The South African parliamentary model is loosely patterned after the Westminster Model with an elected legislature and a second house intended to moderate the acts of the legislature (in UK a House of Lords and in SA a House of Provinces)
The Westminster model has largely been regarded with some respect and has been more or less emulated around the world. Ok this is probably because Britain was a prolific colonizer and left its stamp on many aspects of the life and politics of its former colonies. But the Westminster model is under scrutiny, indeed perhaps even under attack, particularly from those who want devolution from a centrist authority. The most recent attack on Westminster itself came from the Scottish referendum of September 18 2014 on the issue of Scottish independence from Britain, but was defeated by a 10% margin (45% for and 55% against secession).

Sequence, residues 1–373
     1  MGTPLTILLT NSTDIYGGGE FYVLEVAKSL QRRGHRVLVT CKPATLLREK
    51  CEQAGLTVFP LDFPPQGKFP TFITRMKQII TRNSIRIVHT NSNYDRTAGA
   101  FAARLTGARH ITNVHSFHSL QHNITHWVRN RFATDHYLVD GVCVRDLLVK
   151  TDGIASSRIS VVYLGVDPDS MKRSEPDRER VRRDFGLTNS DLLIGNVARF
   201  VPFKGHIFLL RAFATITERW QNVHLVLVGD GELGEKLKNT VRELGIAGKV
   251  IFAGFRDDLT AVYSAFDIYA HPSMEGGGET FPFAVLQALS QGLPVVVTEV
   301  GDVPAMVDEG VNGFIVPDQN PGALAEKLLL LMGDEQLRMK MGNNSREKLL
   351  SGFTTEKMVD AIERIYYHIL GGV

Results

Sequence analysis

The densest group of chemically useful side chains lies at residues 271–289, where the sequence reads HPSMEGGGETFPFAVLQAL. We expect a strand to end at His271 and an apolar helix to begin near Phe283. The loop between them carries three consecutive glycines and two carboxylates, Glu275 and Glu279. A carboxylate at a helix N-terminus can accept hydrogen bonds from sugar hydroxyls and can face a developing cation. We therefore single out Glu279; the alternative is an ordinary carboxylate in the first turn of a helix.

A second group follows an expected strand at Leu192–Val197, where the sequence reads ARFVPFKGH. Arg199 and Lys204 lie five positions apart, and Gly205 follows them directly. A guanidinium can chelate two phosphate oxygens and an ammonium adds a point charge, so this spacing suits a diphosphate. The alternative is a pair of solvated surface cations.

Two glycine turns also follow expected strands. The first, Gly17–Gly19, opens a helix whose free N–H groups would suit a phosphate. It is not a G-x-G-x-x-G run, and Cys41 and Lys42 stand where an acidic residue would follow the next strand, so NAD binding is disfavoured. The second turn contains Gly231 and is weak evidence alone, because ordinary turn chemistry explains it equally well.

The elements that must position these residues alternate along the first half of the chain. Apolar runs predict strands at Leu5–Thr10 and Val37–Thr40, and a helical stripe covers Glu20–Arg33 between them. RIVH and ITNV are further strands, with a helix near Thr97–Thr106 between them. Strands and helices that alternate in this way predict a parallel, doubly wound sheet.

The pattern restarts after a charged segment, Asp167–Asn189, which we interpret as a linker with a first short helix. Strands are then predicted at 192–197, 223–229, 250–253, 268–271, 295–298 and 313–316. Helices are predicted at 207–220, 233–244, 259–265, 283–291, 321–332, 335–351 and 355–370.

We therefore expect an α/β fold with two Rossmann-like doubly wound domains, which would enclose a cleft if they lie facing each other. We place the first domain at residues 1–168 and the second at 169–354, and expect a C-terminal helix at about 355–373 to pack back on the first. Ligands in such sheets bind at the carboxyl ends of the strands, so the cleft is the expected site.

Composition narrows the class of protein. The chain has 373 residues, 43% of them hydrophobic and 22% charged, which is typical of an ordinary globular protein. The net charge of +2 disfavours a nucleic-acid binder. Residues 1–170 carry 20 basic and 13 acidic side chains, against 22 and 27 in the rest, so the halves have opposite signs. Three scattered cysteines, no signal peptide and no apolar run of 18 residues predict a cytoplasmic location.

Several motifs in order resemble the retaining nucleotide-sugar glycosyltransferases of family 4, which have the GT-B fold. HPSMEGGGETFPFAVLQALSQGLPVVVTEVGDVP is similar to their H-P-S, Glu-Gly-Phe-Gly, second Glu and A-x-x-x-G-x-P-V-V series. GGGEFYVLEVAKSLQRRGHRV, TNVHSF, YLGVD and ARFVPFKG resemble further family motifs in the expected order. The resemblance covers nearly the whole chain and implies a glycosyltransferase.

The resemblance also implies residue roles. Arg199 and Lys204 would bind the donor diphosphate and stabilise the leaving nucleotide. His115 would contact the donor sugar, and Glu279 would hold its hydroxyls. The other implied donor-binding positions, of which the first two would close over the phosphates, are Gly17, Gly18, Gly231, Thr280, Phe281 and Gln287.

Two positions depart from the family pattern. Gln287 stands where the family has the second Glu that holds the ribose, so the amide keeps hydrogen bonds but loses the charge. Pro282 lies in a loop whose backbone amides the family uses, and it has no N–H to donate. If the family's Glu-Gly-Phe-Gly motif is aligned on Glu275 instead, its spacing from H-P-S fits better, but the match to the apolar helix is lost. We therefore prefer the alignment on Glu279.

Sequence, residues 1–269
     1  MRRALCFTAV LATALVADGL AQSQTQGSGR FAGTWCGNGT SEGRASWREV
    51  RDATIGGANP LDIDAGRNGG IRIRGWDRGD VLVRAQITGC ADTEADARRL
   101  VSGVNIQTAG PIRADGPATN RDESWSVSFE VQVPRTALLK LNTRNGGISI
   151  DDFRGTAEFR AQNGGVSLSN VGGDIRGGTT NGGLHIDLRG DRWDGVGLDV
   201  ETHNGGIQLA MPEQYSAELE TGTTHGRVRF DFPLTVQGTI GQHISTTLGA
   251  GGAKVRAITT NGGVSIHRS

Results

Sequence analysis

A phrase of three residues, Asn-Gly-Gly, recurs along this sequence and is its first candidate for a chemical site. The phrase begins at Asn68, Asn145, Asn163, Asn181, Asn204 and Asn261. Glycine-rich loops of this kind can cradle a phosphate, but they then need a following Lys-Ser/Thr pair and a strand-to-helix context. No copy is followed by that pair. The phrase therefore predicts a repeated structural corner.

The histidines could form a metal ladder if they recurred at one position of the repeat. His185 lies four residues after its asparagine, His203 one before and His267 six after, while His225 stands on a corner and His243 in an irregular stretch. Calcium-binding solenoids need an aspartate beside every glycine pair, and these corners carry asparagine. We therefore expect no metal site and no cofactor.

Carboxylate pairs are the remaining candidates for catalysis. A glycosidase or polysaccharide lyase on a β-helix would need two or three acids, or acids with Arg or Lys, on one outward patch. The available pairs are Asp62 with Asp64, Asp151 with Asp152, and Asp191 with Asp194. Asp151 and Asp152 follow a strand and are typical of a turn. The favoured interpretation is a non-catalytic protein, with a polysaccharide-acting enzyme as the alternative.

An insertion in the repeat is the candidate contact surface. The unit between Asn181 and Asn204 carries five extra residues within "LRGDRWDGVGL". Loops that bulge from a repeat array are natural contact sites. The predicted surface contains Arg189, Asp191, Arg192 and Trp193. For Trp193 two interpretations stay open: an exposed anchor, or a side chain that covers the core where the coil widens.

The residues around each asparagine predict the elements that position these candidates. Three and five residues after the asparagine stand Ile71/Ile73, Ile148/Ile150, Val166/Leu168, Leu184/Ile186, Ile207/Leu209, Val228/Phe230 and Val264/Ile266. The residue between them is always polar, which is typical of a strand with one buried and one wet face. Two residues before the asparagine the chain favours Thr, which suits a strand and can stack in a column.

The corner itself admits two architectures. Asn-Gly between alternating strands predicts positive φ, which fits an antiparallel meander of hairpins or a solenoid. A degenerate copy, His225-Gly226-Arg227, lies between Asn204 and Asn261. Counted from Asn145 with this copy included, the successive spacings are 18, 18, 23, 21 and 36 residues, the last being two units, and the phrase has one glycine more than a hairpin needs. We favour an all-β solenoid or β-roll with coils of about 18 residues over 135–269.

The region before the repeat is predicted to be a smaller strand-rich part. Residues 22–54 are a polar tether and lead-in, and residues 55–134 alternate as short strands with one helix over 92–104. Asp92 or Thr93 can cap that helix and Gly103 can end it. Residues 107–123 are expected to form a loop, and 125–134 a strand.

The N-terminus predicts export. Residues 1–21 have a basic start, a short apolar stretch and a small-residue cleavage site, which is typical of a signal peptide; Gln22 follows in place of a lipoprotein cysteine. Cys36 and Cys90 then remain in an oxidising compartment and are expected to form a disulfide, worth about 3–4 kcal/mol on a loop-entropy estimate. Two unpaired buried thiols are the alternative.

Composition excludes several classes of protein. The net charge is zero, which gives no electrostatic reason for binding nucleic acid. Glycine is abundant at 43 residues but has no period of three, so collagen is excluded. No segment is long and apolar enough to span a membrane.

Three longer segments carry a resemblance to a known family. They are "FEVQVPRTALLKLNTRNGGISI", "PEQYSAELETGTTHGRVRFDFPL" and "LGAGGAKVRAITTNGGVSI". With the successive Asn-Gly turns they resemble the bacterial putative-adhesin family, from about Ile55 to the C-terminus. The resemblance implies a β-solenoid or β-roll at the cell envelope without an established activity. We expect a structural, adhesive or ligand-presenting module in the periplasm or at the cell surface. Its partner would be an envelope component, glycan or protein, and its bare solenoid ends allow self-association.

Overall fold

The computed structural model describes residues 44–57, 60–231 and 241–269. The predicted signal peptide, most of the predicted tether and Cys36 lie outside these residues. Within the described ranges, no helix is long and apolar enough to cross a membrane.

None the less, the vote has sparked a great deal of debate about the Westminster style of government. The sentiment for a greater and closer say in the process of government is developing a groundswell in Britain and elsewhere in the world. A recent manifestation of this groundswell comes from a group of the world’s mayors, who are pushing for a parliament of mayors. See Will mayors one day rule the world?
The Direct Democracy Forum might support such a move provided the mayors were directly elected but wonder if mayors would then have the time to also act as members of a national or international legislative body and how would that work?
The idea is interesting but DDF believe that any parliamentary model that does not include elements of direct democracy in it would basically usurp the rights recognized by the DDF, for a population to approve all laws and regulations by which it is governed.
This is the core of the DDF‘s Senate model, that a legislature can be appointed in any manner provided it is directly answerable either to the electorate as a whole, by referendum, or to a senate representing that electorate, such as suggested in the DDF‘s proposal for a Senate.
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